As Gordon Hempton points out, silence isn’t necessarily an absence of sound but a presence all its own. And, in much the same way, physicist Janna Levin says, space isn’t necessarily quiet either. Working at her lab at Columbia University, she projects that the universe creates an aural footprint that “will be music to our ears because it will be the quiet echo of that moment of our creation of our observable universe.” If we can only pick it up…
In this presentation at TED 2011, she plays her projections of the sounds the universe makes — black holes merging and falling into one another, the “white noise of the Big Bang. It’ll make you wonder about the biggest questions at the core of what it means to be a sentient being in this universe or the next.
On the Universality of Creativity in the Liberal Arts and in the Sciences
by S. James Gates
In this lecture for Westmont College’s series titled “Beyond Two Cultures: The Sciences as Liberal Arts,” string theorist Jim Gates offers his thoughts on the complementary natures of science and the liberal arts — and how the human mind formulates “systems of belief” in both disciplines.
This is the first time, in a formal structured way, I’ve been asked to speak before a group of academicians on this set of issues. It is a great honor to be invited to speak on behalf of one of the two “cultures” mentioned in the commentary by C.P. Snow (1905-1980) in New Statesman. It is also a great challenge to be so called upon to speak for an entire “culture.” Of necessity, my comments were created from the vantage point of thirty or so years of working embedded within the academic/scientific culture, and specifically within the field of physics. My views have been molded by this experience.
In preparing for this conversation, I have given much thought to how I, as a scientist, could make a valuable contribution to this tradition established at Westmont College. I believe this is best accomplished by spending most of my presentation describing the attributes of the culture of science as I have experienced them and reflected upon this experience. I claim no special abilities or qualifications to be making this presentation. I am most certainly and woefully uninformed on what I am sure must be a vast liberal arts literature on science and culture. I am, however, a theoretical physicist who has made an effort to think on such matters.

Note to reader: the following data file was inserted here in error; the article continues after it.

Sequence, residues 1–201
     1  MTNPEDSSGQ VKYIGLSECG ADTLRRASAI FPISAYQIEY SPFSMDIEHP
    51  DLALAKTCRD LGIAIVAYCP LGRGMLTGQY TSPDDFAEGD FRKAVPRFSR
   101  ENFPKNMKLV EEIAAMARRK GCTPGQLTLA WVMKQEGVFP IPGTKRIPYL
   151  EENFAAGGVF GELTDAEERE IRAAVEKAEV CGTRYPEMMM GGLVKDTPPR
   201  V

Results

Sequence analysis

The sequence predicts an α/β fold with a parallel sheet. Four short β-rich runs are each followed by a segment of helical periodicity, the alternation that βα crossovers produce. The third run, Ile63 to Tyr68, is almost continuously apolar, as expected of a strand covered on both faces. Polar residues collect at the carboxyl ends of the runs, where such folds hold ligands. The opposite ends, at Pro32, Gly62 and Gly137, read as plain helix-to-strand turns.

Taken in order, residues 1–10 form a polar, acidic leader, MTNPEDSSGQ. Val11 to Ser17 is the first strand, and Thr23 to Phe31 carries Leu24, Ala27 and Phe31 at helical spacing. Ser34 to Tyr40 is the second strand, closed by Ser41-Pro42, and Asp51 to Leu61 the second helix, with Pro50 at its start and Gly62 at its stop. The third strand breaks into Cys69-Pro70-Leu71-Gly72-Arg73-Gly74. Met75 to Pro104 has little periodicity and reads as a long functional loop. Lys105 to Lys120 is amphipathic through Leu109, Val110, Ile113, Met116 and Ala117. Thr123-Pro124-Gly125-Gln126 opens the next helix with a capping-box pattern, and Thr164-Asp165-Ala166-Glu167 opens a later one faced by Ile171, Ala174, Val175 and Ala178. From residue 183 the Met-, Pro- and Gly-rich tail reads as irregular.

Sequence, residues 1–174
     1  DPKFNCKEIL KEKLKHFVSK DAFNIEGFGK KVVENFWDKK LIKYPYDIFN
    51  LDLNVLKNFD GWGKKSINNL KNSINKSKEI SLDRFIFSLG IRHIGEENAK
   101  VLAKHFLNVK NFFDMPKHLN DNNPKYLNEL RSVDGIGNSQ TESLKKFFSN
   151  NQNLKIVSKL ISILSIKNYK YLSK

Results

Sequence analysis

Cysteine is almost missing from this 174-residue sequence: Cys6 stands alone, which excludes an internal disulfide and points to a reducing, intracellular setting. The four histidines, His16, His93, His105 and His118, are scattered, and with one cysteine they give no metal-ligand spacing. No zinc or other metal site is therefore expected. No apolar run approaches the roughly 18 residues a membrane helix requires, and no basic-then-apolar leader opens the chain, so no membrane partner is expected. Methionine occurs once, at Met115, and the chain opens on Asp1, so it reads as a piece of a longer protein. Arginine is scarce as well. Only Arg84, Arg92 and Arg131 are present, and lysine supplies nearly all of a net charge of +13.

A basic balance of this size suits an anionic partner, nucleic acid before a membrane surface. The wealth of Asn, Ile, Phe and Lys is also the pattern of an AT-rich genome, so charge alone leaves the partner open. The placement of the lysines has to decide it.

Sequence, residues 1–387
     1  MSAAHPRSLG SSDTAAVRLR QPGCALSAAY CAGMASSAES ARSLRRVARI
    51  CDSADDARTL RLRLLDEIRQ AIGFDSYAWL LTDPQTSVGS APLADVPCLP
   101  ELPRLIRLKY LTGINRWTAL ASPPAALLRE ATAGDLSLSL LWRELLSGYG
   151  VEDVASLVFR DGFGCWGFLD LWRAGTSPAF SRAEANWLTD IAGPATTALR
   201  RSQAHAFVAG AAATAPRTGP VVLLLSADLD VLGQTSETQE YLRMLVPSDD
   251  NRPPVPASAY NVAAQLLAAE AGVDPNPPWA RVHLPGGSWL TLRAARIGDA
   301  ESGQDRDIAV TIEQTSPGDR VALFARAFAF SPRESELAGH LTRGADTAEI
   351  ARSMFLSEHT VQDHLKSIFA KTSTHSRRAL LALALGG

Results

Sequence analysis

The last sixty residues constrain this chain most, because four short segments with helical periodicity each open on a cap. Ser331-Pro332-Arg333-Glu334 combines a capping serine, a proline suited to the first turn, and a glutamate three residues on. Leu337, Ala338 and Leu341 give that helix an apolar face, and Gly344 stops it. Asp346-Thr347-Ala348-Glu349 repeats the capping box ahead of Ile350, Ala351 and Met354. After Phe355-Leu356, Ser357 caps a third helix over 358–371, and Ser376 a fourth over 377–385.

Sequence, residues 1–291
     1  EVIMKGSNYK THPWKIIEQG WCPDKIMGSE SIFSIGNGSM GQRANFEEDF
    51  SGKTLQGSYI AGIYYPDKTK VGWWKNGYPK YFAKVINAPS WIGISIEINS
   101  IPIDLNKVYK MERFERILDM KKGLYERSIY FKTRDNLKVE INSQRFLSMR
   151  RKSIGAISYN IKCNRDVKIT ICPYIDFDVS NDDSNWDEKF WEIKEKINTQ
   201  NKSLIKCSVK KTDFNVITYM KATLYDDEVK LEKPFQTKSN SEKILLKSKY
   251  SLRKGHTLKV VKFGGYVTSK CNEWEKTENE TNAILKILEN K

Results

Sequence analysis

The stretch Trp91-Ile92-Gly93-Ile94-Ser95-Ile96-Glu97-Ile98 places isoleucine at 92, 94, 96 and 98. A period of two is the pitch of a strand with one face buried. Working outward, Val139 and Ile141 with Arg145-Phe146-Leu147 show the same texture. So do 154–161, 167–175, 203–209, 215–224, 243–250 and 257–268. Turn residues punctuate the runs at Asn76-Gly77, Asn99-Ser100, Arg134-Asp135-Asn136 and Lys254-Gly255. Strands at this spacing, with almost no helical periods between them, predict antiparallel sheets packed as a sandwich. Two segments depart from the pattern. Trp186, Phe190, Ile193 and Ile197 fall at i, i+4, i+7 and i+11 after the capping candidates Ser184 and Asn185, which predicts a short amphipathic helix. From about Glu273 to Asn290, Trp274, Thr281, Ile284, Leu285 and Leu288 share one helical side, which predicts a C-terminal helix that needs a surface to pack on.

Shoah: A Table of Elements
by Dov Abramson, guest contributor
"The trade of chemist (fortified, in my case, by the experience of Auschwitz), teaches you to overcome, indeed to ignore, certain revulsions that are neither necessary nor congenital: matter is matter, neither noble nor vile, infinitely transformable, and its proximate origin is of no importance whatsoever. Nitrogen is nitrogen, it passes miraculously from the air into plants, from these into animals, and from animals into us; when its function in our body is exhausted, we eliminate it, but it still remains nitrogen, aseptic, innocent."
—Primo Levi, The Periodic Table
The Holocaust represented a contradiction in perception: ordered, regimented evil and unrestrained, billowing pain. For decades, artists have sought to capture the ineffable destruction that befell the Jewish people.
"Shoah: A Table of Elements" describes the task of making order of the ungraspable. In so doing, it works to release some of the emotional charge of our most raw subjects, while evoking the more prominent associations of the Holocaust: the gases, the smoke, the debris.
"Shoah: A Table of Elements" is a meditation on how we commit to memory, how we use symbols, and how we represent that which we cannot behold.
Dov Abramson is founder and creative director of an art and design studio in Jerusalem, Israel. His work combines classic graphic design and branding with independent artistic work that deals with Jewish and Israeli identity. His projects have been featured in Zeek, Forward, Maariv, Haaretz, and the Chicago Tribune, and his art has been exhibited at The Jewish Museum in New York and the Israel Museum in Jerusalem.